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New Research Finds One More Reason To Make Sure You're Getting Enough Sleep

Sarah Regan
mbg Spirituality & Relationships Writer By Sarah Regan
mbg Spirituality & Relationships Writer
Sarah Regan is a Spirituality & Relationships Writer, and a registered yoga instructor. She received her bachelor's in broadcasting and mass communication from SUNY Oswego, and lives in Buffalo, New York.
This Everyday Habit Has A Big Impact On Belly Fat (Nope, Not Diet Or Exercise)
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We know that getting enough sleep is a crucial factor in how energized we feel during the day, but according to new research published in the Journal of the American College of Cardiology, it also has a big impact on calorie intake, and subsequently, fat accumulation. Here's what the researchers found.

Studying the effects of sleep on weight.

For this small study, researchers wanted to look into how sleeping patterns influenced things like caloric intake, appetite, weight, fat distribution (i.e., body composition), and more. The participants were a group of 12 healthy, young to middle-aged adults, and the study took place over the course of two 21-day sessions with three months in between each session.

One group acted as the control, with a normal nine hours of sleep per night, while the other group only slept for four hours a night during a majority of the 21 days. After the first session and the three-month recovery period, the groups swapped, so the original control group then had to deal with a shorter night of sleep.

Throughout the study and afterward, metrics were taken to determine any behavioral or bodily changes that developed over the course of the study.

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What they found.

Based on the findings, not only does suboptimal sleep duration make you feel tired, but it can also increase calorie consumption and lead to a buildup of visceral fat. Namely, when participants weren't getting enough sleep, there was an 11% increase in abdominal visceral fat, and we know less visceral belly fat is associated with better cardiometabolic health outcomes long term.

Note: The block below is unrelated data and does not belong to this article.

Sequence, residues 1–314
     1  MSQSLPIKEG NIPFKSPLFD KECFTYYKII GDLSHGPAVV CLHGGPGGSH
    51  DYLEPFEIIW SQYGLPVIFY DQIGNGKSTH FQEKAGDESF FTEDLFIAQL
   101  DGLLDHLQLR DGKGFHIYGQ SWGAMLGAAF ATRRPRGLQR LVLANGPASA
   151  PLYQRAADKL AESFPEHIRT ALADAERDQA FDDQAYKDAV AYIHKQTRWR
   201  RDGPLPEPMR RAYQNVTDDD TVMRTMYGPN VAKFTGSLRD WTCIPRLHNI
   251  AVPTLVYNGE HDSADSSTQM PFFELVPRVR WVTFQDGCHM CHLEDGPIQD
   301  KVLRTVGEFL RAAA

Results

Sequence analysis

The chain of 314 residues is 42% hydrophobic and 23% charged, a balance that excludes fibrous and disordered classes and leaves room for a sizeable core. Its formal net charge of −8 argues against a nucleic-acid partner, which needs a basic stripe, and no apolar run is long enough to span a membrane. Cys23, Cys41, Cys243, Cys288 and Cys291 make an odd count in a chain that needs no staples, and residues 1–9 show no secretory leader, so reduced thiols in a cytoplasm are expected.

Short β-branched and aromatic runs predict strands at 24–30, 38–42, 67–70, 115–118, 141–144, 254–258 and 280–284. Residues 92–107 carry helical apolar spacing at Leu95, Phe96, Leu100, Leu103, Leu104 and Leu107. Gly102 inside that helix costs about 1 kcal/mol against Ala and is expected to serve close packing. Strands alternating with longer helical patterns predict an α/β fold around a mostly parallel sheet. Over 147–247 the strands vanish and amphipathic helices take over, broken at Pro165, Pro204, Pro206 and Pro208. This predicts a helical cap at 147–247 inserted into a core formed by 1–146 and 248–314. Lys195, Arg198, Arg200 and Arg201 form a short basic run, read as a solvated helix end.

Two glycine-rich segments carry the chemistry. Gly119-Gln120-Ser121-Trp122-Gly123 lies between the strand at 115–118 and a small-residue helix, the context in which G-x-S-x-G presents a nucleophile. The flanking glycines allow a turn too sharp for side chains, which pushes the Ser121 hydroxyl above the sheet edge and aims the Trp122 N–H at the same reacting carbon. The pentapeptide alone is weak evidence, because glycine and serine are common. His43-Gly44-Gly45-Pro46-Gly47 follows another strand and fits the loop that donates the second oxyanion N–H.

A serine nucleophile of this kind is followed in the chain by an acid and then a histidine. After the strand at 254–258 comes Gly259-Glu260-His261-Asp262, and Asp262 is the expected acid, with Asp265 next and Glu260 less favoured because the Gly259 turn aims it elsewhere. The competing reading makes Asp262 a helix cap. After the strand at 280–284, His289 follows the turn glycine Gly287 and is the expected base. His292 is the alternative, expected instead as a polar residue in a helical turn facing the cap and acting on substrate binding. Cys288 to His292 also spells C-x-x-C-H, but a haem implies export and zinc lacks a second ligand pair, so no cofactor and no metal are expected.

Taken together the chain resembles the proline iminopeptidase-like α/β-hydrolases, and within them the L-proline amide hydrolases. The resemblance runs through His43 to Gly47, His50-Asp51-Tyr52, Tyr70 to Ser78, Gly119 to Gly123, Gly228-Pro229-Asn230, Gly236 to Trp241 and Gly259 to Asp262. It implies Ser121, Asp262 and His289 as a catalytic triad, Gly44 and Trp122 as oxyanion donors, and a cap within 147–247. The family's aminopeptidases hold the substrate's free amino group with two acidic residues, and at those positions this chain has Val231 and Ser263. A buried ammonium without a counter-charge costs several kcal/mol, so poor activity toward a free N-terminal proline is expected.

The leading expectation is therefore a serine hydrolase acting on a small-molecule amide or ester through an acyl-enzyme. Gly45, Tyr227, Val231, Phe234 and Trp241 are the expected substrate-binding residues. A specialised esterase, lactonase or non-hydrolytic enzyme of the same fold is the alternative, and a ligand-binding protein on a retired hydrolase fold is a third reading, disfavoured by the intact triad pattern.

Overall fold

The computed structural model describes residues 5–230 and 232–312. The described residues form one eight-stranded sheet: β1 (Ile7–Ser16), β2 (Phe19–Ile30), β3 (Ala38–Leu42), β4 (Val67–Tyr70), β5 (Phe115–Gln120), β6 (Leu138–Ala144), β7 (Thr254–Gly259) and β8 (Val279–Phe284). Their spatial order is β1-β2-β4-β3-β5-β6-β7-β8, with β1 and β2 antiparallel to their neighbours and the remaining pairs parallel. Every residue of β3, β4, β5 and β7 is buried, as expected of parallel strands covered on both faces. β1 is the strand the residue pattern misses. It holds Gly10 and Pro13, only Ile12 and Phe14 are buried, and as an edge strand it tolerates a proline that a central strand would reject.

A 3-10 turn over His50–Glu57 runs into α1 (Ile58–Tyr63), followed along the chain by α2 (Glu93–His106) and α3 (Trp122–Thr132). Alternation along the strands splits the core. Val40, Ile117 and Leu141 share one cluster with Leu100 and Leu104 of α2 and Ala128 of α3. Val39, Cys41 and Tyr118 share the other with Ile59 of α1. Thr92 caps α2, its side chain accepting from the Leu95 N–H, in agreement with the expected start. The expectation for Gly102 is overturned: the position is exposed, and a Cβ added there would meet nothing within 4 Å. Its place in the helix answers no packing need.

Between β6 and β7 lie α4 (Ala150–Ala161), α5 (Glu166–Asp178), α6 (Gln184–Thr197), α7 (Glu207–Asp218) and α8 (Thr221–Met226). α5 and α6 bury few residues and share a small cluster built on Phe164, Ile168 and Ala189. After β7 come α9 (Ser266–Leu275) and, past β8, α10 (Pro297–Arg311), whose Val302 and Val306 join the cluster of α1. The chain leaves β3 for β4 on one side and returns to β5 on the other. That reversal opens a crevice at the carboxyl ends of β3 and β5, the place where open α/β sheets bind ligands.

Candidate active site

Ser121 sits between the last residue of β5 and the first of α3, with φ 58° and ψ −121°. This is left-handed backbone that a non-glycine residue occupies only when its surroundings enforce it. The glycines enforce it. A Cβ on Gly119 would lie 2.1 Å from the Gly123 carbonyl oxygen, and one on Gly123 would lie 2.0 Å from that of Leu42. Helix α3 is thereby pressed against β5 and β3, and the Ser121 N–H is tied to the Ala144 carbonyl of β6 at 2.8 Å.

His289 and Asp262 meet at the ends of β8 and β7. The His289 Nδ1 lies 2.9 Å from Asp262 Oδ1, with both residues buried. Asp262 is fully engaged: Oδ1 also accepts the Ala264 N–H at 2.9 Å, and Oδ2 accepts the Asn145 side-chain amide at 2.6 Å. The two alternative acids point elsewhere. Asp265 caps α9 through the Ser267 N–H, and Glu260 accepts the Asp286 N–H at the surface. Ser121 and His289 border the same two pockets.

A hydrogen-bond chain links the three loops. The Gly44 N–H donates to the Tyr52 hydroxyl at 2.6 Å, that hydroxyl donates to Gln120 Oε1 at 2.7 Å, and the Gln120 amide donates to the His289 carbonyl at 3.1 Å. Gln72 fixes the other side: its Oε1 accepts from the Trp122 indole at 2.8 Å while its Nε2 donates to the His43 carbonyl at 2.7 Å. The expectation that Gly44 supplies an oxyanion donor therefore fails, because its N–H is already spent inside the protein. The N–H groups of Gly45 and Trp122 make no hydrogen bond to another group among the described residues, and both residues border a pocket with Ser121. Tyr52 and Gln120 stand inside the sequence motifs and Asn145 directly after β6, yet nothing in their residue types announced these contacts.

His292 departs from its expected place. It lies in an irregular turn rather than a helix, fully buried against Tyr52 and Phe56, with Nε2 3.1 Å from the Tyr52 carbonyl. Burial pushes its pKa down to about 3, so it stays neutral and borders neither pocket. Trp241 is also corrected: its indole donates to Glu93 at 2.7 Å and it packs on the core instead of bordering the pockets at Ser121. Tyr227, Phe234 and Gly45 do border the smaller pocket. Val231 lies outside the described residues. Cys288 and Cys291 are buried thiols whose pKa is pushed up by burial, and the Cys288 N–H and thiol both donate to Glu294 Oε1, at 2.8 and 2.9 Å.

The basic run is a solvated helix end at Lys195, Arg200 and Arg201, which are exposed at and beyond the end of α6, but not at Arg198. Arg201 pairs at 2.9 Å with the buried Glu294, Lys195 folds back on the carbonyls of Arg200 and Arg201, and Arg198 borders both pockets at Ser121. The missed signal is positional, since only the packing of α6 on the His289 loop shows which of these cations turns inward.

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As study co-author Virend Somers, M.D., Ph.D., explains in a news release, "Our findings show that shortened sleep, even in young, healthy, and relatively lean subjects, is associated with an increase in calorie intake, a very small increase in weight, and a significant increase in fat accumulation inside the belly."

He goes on to add that it appears to be the lack of sleep that causes fat to "redirect" to the visceral compartment, and further, "catch-up sleep, at least in the short term, does not reverse the visceral fat accumulation."

And since the subjects didn't actually gain that much weight but did have more visceral fat, the study authors point out that it's easy for this kind of fat accumulation to fly under the radar.

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The takeaway.

The bottom line is, when we've had enough sleep, everything from our mood to our behavior reflects that. Better sleep often means better choices, and based on this study, a better ability to store fat in a healthy way, too. All the more reason to keep up with your sleep hygiene, take a sleep supplement as needed, and aim for a full night's sleep every night.*

sleep support+
★ ★ ★ ★ ★
★ ★ ★ ★ ★
(383)
sleep support+

sleep support+

The deep and restorative sleep you've always dreamt about*

sleep support+

sleep support+

The deep and restorative sleep you've always dreamt about*

★ ★ ★ ★ ★
★ ★ ★ ★ ★
(383)
sleep support+

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